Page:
How do I tell my husband he can't stay at home alone anymore?

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He is 66, Alzheimer's disease. Moderately severe stage. Not able to use the phone or many household items. I haven't been leaving him alone, but I know the question will arise. I have a caregiver two afternoons a week, and take my husband most places, but he doesn't always want to go.

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You don't tell him or discuss it with him. Just make sure you have a caregiver and do a little Theraputic fibbing as needed.

My Dad is 87 with dementia. There's no reasoning with him. Even if I convinced him of some issue I'd be repeating myself in 5 minutes.
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Many times patients with Moderate Alzheimer's disease have limited insight to their own decline. This is a neurological symptom and not something you can fix with discussion or just "finding the right words to tell him". He is not going to see any reason he needs supervision so not initiating the discussion about the change is perfectly okay. If he brings it up usually some kind of simple, concrete answer like: "Caregiver" is going to be here while I am at the store" is best. If he grumbles that he doesn't need a babysitter you can say "of course not dear" and don't engage or try to explain why the caregiver is needed as it wont help and it will lead to more escalation and resistance.
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VeggieG, another way to approach having the caregiver is to say that the Caregiver is here to help you, yourself ... don't make it sound like the care person is there for the husband. As Windyridge had mentioned above, "therapeutic fibbing".
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You could also say - "_____" is going to visit with you for a while while I go to "______" so you won't miss me.
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I had a caregiver come in "to help me" with household cleaning, cooking, etc. then, I would tell my husband I needed to run errands, go to the grocery store, etc, while she was there. Later, I would tell him she was just there to help out in case he needed anything.
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Yes, you all are right. Just need to let go of the guilt!
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We told our aunt that the person was there for the dog. As a lab pup he played with her, and one tug of war game pulled her over. We needed help to get her up and check her over. She accepted that reminder.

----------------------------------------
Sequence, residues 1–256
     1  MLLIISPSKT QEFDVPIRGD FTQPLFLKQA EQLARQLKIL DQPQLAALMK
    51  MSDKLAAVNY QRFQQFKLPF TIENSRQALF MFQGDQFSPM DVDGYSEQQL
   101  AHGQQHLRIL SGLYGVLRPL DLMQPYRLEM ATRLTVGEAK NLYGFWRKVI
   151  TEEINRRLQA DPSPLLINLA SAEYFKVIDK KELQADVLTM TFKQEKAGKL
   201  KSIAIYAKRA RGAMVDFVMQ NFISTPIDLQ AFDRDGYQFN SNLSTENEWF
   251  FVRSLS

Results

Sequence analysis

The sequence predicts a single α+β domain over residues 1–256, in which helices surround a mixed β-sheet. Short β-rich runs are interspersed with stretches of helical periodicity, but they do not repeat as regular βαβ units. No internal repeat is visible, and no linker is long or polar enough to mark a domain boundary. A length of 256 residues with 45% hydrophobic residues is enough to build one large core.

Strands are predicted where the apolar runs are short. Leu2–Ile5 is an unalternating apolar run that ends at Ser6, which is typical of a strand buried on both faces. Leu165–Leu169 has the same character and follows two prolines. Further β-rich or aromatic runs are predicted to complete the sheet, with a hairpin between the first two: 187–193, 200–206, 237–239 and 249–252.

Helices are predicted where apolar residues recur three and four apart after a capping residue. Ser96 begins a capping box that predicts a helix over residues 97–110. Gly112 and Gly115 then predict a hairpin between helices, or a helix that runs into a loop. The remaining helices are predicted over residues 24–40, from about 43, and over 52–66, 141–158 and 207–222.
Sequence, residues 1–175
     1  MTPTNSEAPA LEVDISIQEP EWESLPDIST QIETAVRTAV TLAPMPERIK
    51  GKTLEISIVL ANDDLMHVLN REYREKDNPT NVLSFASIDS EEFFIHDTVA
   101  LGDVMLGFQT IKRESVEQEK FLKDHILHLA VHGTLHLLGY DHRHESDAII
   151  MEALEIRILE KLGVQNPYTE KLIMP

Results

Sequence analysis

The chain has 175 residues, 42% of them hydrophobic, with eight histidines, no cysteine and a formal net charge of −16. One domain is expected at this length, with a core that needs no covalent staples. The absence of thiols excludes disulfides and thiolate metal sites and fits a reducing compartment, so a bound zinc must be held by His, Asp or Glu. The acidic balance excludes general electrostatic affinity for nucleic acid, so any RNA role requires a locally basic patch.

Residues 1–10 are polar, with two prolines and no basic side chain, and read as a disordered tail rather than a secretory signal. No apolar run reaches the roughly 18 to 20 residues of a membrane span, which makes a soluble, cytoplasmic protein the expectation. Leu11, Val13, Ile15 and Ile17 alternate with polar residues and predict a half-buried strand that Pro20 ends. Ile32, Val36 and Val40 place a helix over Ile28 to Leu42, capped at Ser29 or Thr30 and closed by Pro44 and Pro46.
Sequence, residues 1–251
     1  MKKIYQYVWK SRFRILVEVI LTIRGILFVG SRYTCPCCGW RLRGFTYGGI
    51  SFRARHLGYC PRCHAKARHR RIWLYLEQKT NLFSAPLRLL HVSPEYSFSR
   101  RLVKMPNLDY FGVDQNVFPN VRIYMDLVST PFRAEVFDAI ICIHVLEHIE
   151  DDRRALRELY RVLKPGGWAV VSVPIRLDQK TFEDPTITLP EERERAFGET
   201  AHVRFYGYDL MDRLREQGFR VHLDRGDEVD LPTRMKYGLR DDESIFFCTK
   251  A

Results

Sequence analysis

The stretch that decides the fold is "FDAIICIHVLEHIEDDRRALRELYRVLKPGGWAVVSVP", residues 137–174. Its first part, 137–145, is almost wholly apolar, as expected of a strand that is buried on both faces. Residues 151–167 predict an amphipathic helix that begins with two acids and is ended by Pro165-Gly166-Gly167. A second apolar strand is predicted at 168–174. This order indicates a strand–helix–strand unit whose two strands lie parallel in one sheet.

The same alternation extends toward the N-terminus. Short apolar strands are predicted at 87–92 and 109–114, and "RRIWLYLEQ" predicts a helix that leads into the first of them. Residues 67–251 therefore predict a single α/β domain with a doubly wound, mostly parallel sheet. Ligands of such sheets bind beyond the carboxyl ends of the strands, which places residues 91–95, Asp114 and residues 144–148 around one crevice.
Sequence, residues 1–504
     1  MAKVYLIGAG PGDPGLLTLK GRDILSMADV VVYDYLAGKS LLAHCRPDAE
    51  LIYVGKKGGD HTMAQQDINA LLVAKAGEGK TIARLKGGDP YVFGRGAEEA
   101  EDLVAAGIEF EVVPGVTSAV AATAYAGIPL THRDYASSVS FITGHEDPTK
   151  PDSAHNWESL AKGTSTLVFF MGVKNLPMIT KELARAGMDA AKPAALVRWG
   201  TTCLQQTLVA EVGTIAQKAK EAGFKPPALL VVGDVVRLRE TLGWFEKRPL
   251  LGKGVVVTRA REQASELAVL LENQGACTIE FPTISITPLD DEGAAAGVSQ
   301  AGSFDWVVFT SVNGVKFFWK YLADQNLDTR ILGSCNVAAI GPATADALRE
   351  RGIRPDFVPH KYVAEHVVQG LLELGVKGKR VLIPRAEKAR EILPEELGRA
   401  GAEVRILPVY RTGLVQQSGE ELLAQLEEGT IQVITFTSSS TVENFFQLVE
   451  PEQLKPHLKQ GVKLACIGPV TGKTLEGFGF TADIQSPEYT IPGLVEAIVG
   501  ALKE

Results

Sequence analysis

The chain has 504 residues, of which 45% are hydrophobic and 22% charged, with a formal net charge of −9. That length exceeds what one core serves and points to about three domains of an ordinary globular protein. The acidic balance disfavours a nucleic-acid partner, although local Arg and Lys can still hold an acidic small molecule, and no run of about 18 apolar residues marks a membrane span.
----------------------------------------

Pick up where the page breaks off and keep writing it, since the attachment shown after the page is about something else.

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Alzheimer's has become a label - many can perform daily tasks with moderate Dementia (yes, Alzheimer's is still dementia).

My DH hasn't been able to use the phone for many years (smartphone) - he just asks me to ring up whomever. No biggie. He misplaces the remote - so I find it.

Unless your DH needs you for everything like going to the bathroom and getting up from the sofa - why can't he be left alone for short periods of time? I found I can leave Ray alone for about 30 minutes at a time. He naps and I get the groceries. I can mow the lawn for about the same amount of time before he would panic.

Have you had DH's hearing checked? A lot of confusion is loss of hearing and not so much dementia. Wax in the ears can make a person 'wobbly' and confused. Is he exercising? Atrophy happens awfully quick - even at 95, my DH is doing Physical Therapy to keep him mobile.

I'm trying to tell you, Dementia has become a label. Nutrition has long been associated with dementia, but you don't hear about that anymore. Our foods have so many chemicals. We now try to stay away from processed foods as much as possible.

Unless he is bedridden, is it possible you are worrying more than you need to?
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I think if you are more comfortable having someone "sit" with your husband than do it. Personally, while I was out shopping or whatever, I'd be worrying the whole time. Do you belong to a Church? Some have people who are willing to come sit with someone while you run errands. Maybe you can have a friend "stop by" and say "look who came to visit". My cousin would come to visit and bring Mom breakfast. While he visited my husband and I went out by ourselves for breakfast.

I will admit that people have found that changing a diet helps with improvement of Dementia but will not reverse or cure it. My Dad's Mother had Alzheimers. As did his sister and his brother. Not sure of the others because they died young. His mother's sister had it and so did her daughter. So it is a hereditary thing. It is also different than most other "Dementias" in how it effects the brain. As far as I know, the only way you can actually find out it it was Alzheimers is an autopsy.
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I would be wary of leaving your LO alone if they aren't able to use a phone or know enough to go to a neighbor's house if they need help. A lot can happen in 30 minutes. Because the progression is different for each person, you can't predict when the next change will occur. Some important safeguards are for your LO to wear a medical bracelet, with the name, condition, and a contact phone #. The Alzheimer's Association has a Safe Return program that addresses that. After he got lost a few times, my husband had no problem wearing a bracelet. In case I'm unconscious, I wear one, too, and it is engraved with my name, "Caregiver," and a family member's phone #. That way someone can make sure my husband is taken care of in case I'm not able.
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